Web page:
Despite a great deal of attention to the problem, cloud configuration continues to be a major issue. When data and applications are moved from on-prem environments to the cloud, proper access controls don't always follow.
Last month, online job site Ladders exposed more than 13 million user records it was hosting on Amazon Web Services' cloud. The reason? Misconfigured access controls on their instance of AWS Elasticsearch Service.
In May, security researchers at UpGuard reported that data of more than 500 million Facebook users was exposed by third parties storing the information in unprotected Amazon S3 buckets. Chtrbox confirmed the accidental exposure but said that the scope of it wasn't as big as reported.
According to a report released last month by the SANS Institute, 31% of organizations reported unauthorized access by outsiders into cloud environments or cloud assets, up from 19% in 2017. While the leading vector for these attacks was credential hijacking, poor configuration was in second place.
These poor configurations aren't just about databases open to public access. Other cloud systems, like container management platforms, are also popular targets.
Palo Alto Networks recently discovered more than 40,000 container hosting services using default configurations, including over 20,000 each on Kubernetes and Docker, the two most popular container platforms, with configuration problems that could make the organizations vulnerable to attacks.
For example, in April Docker admitted that hackers had accessed one of its Docker Hub databases and could have stolen data from 190,000 accounts. According to Palo Alto threat researcher Nathaniel Quist, the hackers exploited weak security configurations of key and token storage.
The recent Ladders breach was a perfect example of a basic container misconfiguration that had significant consequences, Quist added.
"The lessons learned from the Ladders breach should be at the security configuration forefront for all organizations deploying container services," he wrote in a report.
Attackers search the cloud for open ports or particular naming conventions, said Adam Kujawa, director of Malwarebytes Labs. "And then they can say, 'Hey, I found the login page for this cloud management platforms, and the credentials were the default ones' -- or they don't have any at all."
According to an Attivo survey of security professionals conducted late last year, the cloud attack surface was the single greatest threat to enterprises. And a survey released earlier this year by Kansas-based security vendor Firemon revealed that 60% of those surveyed said their cloud deployments have accelerated past their ability to secure them.
The problem is cloud sprawl, said Tim Woods, VP for technology alliances at Firemon. For example, business users will often go out and get cloud functionality without involving IT.
"If you're not getting what you want, you just set up your own storage, set up your own compute," he said. "And that's fine -- except there are needed processes to go along with that, such as access restrictions."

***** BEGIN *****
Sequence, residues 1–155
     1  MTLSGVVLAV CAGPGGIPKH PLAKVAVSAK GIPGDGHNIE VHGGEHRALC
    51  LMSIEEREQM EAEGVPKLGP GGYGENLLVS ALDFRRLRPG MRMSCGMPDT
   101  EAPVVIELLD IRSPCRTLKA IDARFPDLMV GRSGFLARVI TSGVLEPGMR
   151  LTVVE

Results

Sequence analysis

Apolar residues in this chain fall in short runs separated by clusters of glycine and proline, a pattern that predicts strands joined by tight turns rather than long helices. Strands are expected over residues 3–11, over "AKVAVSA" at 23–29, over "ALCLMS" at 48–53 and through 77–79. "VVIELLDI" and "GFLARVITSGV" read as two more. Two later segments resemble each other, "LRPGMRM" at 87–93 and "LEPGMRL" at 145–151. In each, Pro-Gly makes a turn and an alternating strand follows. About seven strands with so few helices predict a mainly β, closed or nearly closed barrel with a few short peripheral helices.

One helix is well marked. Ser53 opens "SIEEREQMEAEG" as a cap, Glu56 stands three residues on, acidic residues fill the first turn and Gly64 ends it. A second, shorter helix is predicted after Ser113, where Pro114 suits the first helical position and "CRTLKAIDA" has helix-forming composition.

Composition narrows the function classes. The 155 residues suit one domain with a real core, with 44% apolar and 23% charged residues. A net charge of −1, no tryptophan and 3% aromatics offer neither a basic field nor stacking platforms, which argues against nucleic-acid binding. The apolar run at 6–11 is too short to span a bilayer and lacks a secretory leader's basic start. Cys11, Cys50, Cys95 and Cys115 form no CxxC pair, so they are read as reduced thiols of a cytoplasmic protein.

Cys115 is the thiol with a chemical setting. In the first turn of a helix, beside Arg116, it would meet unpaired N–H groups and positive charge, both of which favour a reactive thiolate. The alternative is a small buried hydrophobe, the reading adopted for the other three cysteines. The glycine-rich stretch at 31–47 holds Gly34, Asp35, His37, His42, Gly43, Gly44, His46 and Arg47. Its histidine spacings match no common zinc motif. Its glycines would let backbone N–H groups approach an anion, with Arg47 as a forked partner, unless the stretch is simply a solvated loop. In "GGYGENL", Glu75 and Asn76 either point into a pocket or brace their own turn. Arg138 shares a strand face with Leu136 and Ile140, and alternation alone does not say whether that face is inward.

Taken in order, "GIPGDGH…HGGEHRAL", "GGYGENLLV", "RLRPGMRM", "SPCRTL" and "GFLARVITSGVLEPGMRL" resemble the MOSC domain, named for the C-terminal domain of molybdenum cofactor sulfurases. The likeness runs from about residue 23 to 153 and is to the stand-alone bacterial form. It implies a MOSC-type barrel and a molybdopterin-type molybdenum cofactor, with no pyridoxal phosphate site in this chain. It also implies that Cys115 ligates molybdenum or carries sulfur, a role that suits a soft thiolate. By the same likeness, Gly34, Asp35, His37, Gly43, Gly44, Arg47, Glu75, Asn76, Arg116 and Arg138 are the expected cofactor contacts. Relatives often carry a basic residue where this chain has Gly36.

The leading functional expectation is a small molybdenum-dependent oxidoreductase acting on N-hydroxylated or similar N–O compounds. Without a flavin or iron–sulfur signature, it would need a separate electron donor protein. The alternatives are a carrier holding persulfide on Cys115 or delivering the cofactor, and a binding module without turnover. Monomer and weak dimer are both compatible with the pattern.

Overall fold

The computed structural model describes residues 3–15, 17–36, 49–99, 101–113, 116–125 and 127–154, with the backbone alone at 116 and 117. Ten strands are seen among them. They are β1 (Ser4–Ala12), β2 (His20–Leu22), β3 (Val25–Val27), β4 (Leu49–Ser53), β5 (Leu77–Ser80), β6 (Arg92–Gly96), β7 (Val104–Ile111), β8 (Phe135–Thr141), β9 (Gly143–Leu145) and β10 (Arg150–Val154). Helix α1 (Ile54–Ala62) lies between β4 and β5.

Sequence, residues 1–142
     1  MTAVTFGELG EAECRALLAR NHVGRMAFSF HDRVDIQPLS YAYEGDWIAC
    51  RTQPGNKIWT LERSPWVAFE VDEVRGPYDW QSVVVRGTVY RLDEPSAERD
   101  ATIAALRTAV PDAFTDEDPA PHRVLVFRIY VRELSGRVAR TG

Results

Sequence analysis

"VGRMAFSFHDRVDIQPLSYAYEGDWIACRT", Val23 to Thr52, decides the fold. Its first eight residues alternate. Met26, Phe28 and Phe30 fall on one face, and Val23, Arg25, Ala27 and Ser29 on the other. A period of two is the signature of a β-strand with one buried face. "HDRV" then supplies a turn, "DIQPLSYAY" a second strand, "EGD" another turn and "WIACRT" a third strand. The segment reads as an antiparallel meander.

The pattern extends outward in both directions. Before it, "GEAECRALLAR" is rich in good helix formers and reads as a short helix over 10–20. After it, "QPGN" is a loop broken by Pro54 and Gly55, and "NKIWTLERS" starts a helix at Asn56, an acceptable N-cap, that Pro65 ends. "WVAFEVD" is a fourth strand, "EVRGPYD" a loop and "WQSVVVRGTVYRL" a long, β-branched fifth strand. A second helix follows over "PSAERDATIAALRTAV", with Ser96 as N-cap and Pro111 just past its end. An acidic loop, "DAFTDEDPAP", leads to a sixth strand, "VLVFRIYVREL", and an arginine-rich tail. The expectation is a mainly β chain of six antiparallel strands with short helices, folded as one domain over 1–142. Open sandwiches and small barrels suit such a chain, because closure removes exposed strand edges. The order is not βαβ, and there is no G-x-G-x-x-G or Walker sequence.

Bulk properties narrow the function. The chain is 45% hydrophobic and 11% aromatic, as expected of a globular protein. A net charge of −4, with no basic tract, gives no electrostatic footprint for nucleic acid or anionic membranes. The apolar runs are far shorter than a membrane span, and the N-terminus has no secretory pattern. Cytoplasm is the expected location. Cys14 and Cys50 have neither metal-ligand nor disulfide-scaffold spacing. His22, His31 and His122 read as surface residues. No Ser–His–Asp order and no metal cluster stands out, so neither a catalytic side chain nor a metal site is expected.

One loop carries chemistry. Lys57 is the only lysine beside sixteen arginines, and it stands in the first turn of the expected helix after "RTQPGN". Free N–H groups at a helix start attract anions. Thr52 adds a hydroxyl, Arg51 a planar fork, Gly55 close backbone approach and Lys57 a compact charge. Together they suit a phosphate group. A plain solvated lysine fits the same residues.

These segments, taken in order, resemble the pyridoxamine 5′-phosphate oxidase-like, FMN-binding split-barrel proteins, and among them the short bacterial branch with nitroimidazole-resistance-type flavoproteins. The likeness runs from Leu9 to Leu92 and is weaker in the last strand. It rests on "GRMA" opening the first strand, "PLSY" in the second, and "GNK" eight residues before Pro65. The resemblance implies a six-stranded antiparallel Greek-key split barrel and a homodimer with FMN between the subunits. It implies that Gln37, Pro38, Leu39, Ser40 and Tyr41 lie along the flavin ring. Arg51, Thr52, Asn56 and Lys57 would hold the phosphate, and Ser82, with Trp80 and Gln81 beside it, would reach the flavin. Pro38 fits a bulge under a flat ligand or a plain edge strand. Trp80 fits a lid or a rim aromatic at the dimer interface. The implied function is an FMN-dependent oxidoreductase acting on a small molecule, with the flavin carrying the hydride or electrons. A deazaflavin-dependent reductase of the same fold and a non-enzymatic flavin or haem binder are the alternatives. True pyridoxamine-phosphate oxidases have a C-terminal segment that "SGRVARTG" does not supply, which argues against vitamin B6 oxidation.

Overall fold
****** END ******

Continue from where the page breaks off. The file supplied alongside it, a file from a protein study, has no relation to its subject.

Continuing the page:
Hackers are scanning the public internet non-stop, he said, looking for systems that they can easily access.
"They're not having to hack," he said. "They're just looking for the stuff out there that hasn't been configured appropriately."
Large enterprises need to make sure they have visibility in all of their cloud deployments, Woods said, and that someone is taking responsibility for all the data that's moving into the cloud. And cloud vendors need to step up as well.
"I don't think they're doing enough today, but it's rapidly changing," he said. "The cloud vendors are in accelerated development mode. When I was at AWS Reinvent last year, they introduced more than 238 different new security functions, a lot of it around inadvertent exposure to data."
One new feature that was introduced was the Block Public Access functionality, which has already made a big impact in the number of accidentally exposed S3 storage buckets. According to a report released this month by Digital Shadows, the number of files in exposed buckets fell from 16 million in October 2018 to just 2,000 today.
But that's just one specific example of a cloud configuration challenge with one single cloud provider.
"Large companies have multiple cloud providers," said Woods, with each cloud vendor having a different approach to security, and to what aspects of security are their responsibility and which are up to the customer.
"Just because you think you understand what one cloud provider is taking responsibility for, it doesn't mean that they're all the same," he said.
The problem is that it can be hard for enterprises to get a handle on all possible configuration issues in all their clouds, said Chris DeRamus, co-founder and CTO at DivvyCloud, an Arlingon, Virginia-based cloud security vendor.
"More and more companies suffer data breaches as the result of misconfigurations, and we read about them in the news almost every day," he said. "The truth is, organizations are lacking the proper tools to identify and remediate insecure software configurations and deployments."
Enterprises need to start looking for automated solutions that can detect misconfigurations in real time, he said, and either alert security managers to the problem, or even fix the issue automatically.